"I'm new," I say. His black hair is spiked up with too much gel and I am slowly hoping that not everyone in this town wears the same style. "I'm running a bit late," I pull up my backpack on my shoulder. "Where's the office?"

He eyes me cautiously and takes a step closer. "New kid, huh?" I nod and he points down the hall straight ahead. "Office is down there. You're lucky, new kids always get a free pass on their first day."

I nod my thanks and swiftly walk around him. 

The smell of the ocean drifts in through the opened windows of the office and I'm instantly assaulted with the sight of plants in hanging flower pots and assorted posters with motivational speeches and pictures. The room is small and almost directly in the middle is a woman with a sour look on her face and a severely permed hairstyle. Her grey-blue eyes dart from side to side as she reads whatever is on the computer and her long red nails click on the keyboard as she types in some information with surprising agility. 

I clear my throat and she looks up, revealing two deep frown lines on her slightly wide forehead. Her purple t-shirt hangs loosely off her shoulders as she puts her hands down and away from the computer.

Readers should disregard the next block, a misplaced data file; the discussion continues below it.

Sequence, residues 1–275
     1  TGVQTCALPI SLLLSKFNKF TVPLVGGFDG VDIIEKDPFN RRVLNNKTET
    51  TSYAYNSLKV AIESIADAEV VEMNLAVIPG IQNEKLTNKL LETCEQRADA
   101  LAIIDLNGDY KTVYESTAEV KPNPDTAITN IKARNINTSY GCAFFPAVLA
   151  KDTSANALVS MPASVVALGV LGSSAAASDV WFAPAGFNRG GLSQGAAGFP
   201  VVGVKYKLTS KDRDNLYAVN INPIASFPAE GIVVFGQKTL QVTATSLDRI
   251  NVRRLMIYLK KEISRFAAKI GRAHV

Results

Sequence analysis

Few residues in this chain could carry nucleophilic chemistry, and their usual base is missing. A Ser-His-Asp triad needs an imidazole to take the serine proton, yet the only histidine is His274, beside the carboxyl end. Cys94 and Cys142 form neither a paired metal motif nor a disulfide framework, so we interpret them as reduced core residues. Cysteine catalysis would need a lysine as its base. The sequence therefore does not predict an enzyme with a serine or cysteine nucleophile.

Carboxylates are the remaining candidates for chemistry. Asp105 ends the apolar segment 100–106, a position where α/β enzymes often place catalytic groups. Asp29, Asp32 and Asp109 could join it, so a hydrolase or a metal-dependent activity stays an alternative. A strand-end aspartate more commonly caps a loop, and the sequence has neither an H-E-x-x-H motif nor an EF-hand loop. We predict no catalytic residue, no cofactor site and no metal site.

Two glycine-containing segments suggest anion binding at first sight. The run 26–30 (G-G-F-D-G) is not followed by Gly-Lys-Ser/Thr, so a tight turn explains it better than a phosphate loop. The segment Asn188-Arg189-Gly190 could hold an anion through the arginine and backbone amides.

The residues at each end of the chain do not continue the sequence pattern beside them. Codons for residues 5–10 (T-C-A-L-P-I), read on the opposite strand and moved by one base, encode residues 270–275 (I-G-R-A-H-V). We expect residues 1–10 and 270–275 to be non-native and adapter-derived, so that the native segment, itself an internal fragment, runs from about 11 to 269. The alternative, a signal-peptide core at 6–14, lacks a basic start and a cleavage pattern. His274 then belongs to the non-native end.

"Hi," I fidget with the strap of my backpack. "I'm the new student?"

She gives me a blank stare.

"Err," her stare is making me increasingly more uncomfortable. What is it with this town? "I'm Castiel Luther," another blank stare. "From Canada?"

"Oh," she suddenly says and gently slaps her forehead. Her voice is surprisingly high-pitched. "Right, we were waiting for you." She gets up from her chair and it gives a soft squeak of relief. She stops right outside of the door to what I am assuming is the principal's office and looks back at me. "Running a little late?"

I shrug. "Dad's not much of an early riser." 

She nods in understanding and lets me in through the door.


When I see her it is by pure chance. 

The whole day was an awkward mess. I'm used to girls staring at me or shyly looking away back in Toronto, but here it's different. They're not as shy and they're way more obvious with their giggles and flirting. The whole misadventure of girls I never wanted to meet had me thinking about Lisa during my earlier classes. 

The hallways grow empty a lot sooner than anticipated at the end of the day. I look around and find myself standing alone, thinking about back home and my mom. I don't really know why, but when I am alone like this the image of mom with her light blue eyes and dark brown curls dances through my mind. Her voice is something I lost from my memories a long time ago, but somehow seeing her in my mind's eye fed my appetite. She always told me that God watches over all of us and that angels would keep us in their sights, promising a happy existence whether in life or death. I stopped believing these fantastical theories of hers the day that she was taken from me.